Streptococcal infections (Strep A) in primary care settings
In December 2022, there was a reported increase in the number of infections in the UK, resulting in deaths of young children, occurring as a result of invasive Strep A infections. Margaret Perry explains how these infections can be managed in a general practice setting.
Group A streptococcal infections (GAS) are reported to be common and are often carried on the skin or in the throat and are harmless. However, in some cases they cause infection which may be mild, or in some cases the problem becomes invasive (iGAS) resulting in a more serious infection requiring hospital admission and treatment. This article will give an overview of the commonest infections arising as a result of GAS and will look at signs and symptoms, treatment, and complications, with the aim of increasing confidence among practice nurses and non-medical prescribers in the recognition and management of these conditions.
Group A streptococcus, commonly abbreviated to GAS or Strep A, is a common bacterium often found on the skin or in the throat and usually causes no problems. However, there is an association with several infections, some mild, some more severe, the most serious of these caused by an invasive group of Strep A bacteria known as iGAS (UK Health Security Agency 2022). Whilst iGAS infections are still uncommon, there has been an increase in cases this year, particularly in children under 10 and sadly, these have resulted a small number of deaths (UK Health Security Agency 2022). The increased incidence is of concern to clinicians in General Practice and this article therefore hopes to give nurses and non-medical prescribers more information and increased confidence in recognising symptoms of concern and getting early treatment, and hopefully preventing more serious consequences.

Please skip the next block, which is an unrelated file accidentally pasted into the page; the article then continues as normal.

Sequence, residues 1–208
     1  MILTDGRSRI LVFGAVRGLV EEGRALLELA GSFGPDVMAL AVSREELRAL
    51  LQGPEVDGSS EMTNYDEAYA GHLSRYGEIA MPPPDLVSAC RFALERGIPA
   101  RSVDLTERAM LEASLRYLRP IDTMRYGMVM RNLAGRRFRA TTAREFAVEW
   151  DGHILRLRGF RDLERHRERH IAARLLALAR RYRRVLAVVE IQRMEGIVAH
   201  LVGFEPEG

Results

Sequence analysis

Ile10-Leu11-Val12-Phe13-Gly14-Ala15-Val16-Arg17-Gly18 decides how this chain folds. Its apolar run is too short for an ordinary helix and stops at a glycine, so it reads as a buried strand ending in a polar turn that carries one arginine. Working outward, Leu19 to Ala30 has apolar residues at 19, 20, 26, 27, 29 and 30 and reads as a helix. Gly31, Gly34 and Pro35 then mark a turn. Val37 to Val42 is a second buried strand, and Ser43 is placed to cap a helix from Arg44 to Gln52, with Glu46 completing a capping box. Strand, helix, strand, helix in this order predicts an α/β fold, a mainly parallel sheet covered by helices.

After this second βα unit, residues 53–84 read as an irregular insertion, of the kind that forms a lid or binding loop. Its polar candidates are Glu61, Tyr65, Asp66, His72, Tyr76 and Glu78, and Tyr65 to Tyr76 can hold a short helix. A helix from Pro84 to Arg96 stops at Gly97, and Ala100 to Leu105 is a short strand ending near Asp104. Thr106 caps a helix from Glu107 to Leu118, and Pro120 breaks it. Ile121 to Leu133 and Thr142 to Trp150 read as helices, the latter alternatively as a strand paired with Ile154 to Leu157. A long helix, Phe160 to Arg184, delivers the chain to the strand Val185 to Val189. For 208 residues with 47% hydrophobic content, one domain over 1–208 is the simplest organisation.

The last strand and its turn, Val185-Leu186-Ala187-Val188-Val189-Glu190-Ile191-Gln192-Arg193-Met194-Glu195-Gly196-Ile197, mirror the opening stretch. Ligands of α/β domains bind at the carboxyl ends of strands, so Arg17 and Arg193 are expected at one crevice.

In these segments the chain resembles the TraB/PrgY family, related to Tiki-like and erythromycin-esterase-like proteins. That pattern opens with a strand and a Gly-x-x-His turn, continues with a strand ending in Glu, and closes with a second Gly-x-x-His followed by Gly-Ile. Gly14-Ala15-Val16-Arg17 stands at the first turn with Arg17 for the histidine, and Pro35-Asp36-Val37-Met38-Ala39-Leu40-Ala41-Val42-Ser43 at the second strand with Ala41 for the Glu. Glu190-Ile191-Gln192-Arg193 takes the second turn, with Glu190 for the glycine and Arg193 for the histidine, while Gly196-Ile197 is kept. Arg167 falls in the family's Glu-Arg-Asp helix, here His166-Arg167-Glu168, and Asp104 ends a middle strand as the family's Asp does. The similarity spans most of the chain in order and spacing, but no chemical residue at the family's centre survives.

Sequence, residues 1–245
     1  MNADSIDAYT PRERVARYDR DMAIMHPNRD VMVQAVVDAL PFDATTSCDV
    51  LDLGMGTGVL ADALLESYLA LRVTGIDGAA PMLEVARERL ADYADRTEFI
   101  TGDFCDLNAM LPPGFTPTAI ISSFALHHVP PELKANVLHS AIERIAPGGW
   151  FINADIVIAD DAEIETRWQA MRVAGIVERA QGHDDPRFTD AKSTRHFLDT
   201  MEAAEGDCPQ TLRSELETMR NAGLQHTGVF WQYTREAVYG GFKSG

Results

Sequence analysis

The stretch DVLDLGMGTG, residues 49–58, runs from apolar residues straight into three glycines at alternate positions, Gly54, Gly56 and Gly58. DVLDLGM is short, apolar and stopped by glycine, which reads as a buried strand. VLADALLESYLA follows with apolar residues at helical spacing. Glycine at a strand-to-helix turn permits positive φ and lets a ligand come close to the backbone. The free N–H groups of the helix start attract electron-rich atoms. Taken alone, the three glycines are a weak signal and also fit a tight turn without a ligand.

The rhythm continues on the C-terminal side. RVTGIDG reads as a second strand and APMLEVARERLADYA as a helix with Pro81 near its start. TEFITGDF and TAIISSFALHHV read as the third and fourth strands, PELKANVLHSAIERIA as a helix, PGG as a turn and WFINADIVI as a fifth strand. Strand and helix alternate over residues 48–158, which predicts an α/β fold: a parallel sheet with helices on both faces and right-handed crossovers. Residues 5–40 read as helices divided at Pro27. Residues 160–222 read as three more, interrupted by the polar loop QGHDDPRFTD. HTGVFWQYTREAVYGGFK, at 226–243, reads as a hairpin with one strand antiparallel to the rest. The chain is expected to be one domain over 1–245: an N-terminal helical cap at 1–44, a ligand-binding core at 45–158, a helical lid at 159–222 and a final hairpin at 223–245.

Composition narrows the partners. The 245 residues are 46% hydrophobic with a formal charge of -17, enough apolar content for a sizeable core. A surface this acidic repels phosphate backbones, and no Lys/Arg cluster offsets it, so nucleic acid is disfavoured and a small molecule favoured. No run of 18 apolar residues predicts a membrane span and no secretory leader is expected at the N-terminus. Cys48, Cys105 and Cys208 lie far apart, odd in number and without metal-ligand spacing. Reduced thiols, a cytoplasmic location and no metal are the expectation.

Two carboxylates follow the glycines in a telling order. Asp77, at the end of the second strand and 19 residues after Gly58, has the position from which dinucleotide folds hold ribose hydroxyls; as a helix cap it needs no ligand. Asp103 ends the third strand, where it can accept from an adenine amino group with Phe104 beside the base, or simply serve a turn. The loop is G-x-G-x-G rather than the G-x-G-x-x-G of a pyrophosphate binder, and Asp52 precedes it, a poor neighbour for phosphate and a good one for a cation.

Infections caused by Strep A typically come in waves and in previous years outbreaks have occurred around March to April (McKechnie 2022). However, in December 2022, there was a reported increase in the number of infections in the UK, resulting in deaths of young children, occurring as a result of invasive infections (UK Health Security Agency 2022). In particular, there has been a steep increase in scarlet fever and GP consultations for this disease, occurring early in the 2022 to 2023 season, and these have been greater than would be expected at this time of the year (GOV UK 2022). In children below the age of 10, the rate of iGAS infections has been substantially higher in the past 2 years, a problem currently under investigation following reports of an increase in lower respiratory tract and empyema Gas infections, (GOV UK 2023).
Register now to continue reading
Thank you for visiting Practice Nursing and reading some of our peer-reviewed resources for general practice nurses. To read more, please register today. You’ll enjoy the following great benefits:
Limited access to clinical or professional articles
New content and clinical newsletter updates each month